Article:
MUMBAI, Nov 4 (Reuters) - India’s government on Wednesday published long-awaited proposals to overhaul an outdated and overburdened bankruptcy process, calling for public comment on what could become the country’s first unified bankruptcy code.
The proposed bill aims to dramatically speed up decisions on whether to save or liquidate ailing companies, in a move to curb asset stripping and ensure higher recovery rates for creditors - both key to fostering a modern credit market and increased investment in India.
Currently, according to the report published on Wednesday, lenders recover a paltry 20 percent of the value of debt.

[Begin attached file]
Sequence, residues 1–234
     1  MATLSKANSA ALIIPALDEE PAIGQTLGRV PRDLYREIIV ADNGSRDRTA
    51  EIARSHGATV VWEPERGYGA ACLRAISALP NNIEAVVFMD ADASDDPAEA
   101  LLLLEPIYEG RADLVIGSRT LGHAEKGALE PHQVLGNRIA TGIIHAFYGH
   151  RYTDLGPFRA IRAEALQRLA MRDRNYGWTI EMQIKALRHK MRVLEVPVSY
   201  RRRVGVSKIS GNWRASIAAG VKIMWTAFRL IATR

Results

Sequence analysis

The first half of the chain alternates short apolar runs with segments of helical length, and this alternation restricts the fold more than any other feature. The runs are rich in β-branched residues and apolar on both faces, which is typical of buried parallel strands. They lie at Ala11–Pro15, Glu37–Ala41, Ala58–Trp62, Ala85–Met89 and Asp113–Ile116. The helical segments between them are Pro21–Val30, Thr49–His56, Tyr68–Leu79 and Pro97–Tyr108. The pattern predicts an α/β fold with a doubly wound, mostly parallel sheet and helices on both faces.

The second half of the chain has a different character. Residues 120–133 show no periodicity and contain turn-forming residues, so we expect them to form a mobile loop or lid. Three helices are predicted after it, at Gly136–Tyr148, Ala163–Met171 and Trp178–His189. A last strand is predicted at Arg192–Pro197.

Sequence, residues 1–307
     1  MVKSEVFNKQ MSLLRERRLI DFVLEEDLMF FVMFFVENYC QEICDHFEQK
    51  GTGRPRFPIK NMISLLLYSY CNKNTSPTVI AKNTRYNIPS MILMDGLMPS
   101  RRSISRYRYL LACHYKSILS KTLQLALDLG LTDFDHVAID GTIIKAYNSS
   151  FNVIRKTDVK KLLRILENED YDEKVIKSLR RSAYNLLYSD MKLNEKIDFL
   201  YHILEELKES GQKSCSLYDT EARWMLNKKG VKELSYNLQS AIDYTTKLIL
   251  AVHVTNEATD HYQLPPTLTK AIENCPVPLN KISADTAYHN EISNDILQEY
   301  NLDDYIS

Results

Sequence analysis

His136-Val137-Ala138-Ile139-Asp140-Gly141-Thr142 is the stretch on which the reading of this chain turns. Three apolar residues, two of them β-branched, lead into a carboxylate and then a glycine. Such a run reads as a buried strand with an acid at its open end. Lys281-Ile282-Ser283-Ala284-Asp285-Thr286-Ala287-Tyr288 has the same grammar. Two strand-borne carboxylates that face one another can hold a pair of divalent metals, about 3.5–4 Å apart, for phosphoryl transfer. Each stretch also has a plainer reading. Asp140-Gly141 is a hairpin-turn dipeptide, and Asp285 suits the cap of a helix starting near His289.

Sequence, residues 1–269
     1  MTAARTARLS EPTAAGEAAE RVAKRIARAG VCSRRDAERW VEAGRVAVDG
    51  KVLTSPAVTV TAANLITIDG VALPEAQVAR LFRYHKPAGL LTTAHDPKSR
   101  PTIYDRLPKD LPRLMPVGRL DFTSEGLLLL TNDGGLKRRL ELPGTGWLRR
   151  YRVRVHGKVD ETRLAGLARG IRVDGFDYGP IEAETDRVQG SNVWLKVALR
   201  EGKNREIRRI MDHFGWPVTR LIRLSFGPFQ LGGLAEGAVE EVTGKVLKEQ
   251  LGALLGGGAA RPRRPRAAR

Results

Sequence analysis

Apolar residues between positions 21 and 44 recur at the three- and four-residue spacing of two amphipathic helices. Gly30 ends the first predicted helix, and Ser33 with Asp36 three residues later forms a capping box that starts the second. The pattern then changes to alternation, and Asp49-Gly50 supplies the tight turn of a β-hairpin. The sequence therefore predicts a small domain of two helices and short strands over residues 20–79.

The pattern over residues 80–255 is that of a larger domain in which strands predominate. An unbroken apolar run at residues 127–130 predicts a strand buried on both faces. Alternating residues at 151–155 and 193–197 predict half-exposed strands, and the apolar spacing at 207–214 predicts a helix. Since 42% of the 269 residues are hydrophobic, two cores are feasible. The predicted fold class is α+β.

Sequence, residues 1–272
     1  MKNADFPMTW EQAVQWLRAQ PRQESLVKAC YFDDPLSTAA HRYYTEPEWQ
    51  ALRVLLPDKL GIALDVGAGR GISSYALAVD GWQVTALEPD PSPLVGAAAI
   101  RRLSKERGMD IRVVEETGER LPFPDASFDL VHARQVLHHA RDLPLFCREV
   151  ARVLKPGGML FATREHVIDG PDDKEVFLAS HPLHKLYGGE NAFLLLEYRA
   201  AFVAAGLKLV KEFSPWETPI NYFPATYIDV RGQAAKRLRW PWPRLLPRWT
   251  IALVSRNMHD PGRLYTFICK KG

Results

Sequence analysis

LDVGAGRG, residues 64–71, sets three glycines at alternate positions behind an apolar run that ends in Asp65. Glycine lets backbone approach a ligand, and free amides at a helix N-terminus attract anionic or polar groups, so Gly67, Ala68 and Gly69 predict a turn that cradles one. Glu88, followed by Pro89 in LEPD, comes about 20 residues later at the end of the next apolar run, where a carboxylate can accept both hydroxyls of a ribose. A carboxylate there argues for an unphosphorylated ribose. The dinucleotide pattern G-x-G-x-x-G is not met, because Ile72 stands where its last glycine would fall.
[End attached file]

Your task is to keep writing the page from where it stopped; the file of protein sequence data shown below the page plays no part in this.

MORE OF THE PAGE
If adopted, the changes would bring in “insolvency professionals” to run the resolution process, and set up creditor committees to reach a verdict on an ailing company’s future in up to 180 days, removing government involvement and ending decades of judicial gridlock.
The group of experts who drafted the proposed changes, first reported in full by Reuters last week, said a speedier resolution would also help increase the number of firms that can be restructured, rather than liquidated.
Comments and suggestions are due by Nov. 19, after which the government will take a decision on the report and introduce it in parliament. Committee members told Reuters last week that the bill could be passed in the budget session, early next year. (Reporting by Clara Ferreira Marques, editing by Louise Heavens)